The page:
During usability testing and interviews, designers must carefully consider users’ feelings and emotions to determine a product’s desirability. The goal is to delight users with products and features that solve problems effortlessly.

4. Findable

Findable is about making content and features easy to find. Information architecture, search, and navigation are vital for making a product “findable.” Designers must prioritize navigation according to user needs and business goals. 

For example, when designing a mobile app, designers must decide which menu items live on the tab bar vs. behind a navigational drawer.

Findable also includes alerts and error messages. Designers must guide users to solve problems as quickly as possible–like helpful, actionable error messages for form fields.

5. Accessible

Designing accessible products is essential for modern product development. Designers and engineers must ensure everyone can navigate a site effectively and digest its content, regardless of physical or mental ability.

accessibility

Accessibility extends beyond these physical and mental limitations to situational and environmental constraints. For example, a voice user interface (VUI) helps blind users use an application, but it’s also essential for someone driving a vehicle.

Designers must consider who will use their products and what situational and environmental challenges they might encounter. It’s also imperative to think about people with disabilities and how to design comparable experiences for assistive technologies.

6. Credible

Trust and credibility are essential for acquiring and retaining customers. Users expect a consistent product they can rely on to live up to expectations and doesn’t deceive. 

For example, how easy is it for someone to downgrade or cancel a paid service? Making these tasks easy creates trust, increasing the likelihood of someone returning as a paying customer. A difficult experience frustrates people, damaging the product and brand’s credibility.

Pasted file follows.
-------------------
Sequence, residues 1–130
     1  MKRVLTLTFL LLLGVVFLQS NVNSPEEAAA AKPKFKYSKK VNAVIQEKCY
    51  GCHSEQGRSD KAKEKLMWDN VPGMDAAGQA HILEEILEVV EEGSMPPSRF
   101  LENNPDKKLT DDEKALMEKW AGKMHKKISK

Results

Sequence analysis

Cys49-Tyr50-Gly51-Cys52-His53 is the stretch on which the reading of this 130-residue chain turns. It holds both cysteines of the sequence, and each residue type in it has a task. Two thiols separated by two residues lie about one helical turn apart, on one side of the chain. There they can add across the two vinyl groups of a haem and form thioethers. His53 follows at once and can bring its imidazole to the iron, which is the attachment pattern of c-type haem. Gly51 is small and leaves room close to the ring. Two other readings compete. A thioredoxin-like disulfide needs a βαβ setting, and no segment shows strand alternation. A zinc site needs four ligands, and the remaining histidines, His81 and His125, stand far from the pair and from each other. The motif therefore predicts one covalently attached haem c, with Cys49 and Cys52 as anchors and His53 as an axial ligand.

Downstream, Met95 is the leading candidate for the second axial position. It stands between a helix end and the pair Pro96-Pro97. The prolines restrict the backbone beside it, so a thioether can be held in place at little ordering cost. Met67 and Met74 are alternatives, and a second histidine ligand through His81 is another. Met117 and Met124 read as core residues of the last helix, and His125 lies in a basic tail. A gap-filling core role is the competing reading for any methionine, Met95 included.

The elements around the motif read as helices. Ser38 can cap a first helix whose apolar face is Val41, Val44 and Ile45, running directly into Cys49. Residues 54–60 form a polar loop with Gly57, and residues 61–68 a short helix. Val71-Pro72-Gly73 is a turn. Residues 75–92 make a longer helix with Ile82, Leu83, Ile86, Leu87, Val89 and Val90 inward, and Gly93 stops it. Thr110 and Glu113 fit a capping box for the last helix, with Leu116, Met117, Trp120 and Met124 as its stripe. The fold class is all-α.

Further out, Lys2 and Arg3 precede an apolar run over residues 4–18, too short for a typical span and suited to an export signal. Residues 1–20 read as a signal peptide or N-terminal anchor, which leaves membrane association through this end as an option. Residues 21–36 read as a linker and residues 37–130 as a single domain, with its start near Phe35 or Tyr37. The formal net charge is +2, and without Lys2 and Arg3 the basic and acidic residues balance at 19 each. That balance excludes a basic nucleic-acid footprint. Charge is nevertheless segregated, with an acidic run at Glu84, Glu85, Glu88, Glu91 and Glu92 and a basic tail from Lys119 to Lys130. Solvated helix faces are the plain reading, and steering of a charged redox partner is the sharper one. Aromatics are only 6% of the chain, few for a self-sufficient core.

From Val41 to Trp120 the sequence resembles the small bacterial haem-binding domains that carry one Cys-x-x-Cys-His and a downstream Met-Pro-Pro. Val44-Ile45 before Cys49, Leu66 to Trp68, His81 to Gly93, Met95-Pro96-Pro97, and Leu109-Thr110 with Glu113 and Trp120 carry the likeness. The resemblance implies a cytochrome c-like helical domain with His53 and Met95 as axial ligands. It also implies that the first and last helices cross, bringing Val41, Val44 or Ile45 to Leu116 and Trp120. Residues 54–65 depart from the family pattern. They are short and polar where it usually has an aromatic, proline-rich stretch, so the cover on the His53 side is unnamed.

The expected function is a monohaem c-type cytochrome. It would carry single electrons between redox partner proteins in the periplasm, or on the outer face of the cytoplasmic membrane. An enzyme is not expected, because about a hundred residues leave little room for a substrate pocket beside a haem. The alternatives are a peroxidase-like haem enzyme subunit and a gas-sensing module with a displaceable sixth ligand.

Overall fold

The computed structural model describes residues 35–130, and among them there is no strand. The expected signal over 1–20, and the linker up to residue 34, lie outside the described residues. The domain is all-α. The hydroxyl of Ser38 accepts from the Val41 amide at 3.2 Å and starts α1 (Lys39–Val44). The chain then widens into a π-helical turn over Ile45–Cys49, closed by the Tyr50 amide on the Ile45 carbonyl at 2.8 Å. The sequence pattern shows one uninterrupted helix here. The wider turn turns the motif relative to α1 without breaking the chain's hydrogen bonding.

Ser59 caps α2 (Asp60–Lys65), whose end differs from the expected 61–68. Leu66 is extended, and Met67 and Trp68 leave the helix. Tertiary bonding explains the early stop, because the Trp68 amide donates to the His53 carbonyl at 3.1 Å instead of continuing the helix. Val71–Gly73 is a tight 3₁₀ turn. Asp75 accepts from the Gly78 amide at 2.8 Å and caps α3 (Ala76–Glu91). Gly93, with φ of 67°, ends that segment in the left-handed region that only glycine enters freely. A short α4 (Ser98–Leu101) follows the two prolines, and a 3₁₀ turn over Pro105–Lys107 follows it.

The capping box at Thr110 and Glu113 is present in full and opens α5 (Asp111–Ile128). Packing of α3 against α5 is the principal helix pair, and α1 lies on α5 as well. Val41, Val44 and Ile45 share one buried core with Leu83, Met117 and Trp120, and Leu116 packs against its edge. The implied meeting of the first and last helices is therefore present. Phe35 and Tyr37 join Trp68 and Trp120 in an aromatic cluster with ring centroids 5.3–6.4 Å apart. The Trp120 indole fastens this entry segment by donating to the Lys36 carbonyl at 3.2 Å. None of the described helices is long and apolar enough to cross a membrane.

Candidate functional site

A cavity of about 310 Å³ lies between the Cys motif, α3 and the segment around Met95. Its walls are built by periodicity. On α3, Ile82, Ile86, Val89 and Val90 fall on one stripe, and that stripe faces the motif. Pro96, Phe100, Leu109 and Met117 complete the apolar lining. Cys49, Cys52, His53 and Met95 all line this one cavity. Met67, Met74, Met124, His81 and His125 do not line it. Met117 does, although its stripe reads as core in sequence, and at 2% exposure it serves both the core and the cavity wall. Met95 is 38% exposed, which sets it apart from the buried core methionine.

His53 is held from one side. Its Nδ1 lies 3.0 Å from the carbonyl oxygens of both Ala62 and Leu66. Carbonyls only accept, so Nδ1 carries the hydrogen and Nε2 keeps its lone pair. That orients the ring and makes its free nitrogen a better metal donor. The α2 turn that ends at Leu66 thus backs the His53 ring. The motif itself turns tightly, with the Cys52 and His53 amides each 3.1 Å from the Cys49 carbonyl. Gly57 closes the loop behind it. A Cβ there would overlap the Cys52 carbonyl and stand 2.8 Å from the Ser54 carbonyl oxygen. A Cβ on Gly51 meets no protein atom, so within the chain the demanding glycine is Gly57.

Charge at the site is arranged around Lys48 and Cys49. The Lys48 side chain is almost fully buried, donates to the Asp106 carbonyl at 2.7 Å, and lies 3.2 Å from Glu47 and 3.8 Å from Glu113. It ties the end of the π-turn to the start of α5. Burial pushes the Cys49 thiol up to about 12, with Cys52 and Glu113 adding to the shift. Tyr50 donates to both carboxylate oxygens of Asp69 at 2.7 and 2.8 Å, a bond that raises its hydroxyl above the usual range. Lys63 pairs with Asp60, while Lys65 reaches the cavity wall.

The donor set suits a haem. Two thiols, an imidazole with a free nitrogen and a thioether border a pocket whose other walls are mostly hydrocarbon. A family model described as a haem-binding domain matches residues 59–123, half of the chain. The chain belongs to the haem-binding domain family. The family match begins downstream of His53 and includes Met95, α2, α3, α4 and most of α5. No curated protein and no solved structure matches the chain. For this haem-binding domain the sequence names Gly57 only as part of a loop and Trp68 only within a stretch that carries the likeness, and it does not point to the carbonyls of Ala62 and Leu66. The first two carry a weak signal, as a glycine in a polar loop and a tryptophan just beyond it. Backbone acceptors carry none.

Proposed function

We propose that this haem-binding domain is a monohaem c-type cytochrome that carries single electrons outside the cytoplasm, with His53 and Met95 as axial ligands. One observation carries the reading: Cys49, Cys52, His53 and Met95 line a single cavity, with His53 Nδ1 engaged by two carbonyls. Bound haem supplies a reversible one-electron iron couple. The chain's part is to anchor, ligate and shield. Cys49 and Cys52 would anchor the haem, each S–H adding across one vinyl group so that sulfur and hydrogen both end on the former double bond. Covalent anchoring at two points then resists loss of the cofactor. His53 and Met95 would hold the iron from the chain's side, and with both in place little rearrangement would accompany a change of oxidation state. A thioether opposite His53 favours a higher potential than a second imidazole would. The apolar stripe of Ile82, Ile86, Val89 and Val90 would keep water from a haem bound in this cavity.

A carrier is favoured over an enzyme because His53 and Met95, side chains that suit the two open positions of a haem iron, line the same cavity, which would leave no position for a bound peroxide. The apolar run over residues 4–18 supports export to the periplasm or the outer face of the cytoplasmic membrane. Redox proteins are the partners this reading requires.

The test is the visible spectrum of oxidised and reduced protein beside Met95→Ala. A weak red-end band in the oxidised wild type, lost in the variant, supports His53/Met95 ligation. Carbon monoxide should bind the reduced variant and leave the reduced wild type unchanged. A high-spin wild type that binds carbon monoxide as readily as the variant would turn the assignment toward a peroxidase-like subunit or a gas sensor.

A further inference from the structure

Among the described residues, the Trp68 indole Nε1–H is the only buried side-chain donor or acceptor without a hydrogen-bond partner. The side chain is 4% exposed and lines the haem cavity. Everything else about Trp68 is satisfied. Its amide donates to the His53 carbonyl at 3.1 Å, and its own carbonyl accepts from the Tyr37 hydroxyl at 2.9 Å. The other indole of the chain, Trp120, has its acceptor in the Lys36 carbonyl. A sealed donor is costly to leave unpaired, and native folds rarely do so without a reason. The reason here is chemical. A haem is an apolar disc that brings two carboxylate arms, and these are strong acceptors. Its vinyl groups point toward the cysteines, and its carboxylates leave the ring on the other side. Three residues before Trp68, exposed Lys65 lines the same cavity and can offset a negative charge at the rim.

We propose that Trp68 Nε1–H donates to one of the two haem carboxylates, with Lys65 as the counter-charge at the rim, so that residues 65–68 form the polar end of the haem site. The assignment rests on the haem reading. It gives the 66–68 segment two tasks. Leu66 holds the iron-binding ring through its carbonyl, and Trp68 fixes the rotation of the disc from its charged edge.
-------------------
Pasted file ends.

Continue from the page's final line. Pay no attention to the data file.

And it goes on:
Designers must also ensure CTAs and instructions do what they say. Using ambiguous language or tricking users into completing a task is a quick strategy for losing customers!

7. Valuable

Users must want or need to use your product. A valuable product solves problems and delivers a return on investment. The return doesn’t have to be monetary; it could be time-saving, help achieve something the user can’t do otherwise, a mindless distraction while waiting in a queue, or even bring joy.

heart love like good

For example, food delivery apps became extremely valuable to people in many countries during lockdowns. These products kept many restaurants open while providing customers with meals.

Understanding users and delivering services that satisfy their wants and needs makes a product valuable.

How to use the UX Honeycomb?

The UX Honeycomb is an excellent framework for evaluation. It’s most effective for existing products rather than designing from scratch. Here are some scenarios where design teams might use the UX Honeycomb framework:

  • Erasing design debt: Some design debt is easy to fix, but other usability issues require a systematic approach to identify the core issue(s). The UX Honeycomb lets designers look at problems from multiple angles to pinpoint the root cause.
  • UX checklist: The UX Honeycomb provides designers with a foundational user experience checklist during UX audits and other design evaluations.
  • Educational tool: Designers can use the UX Honeycomb as a framework for educating junior designers, clients, stakeholders, and cross-functional teams about user experience and how usability issues impact users.
  • Redesigns: Designers can use the UX Honeycomb to identify user experience flaws in an existing product before a redesign. 

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by UXPin on 27th September, 2022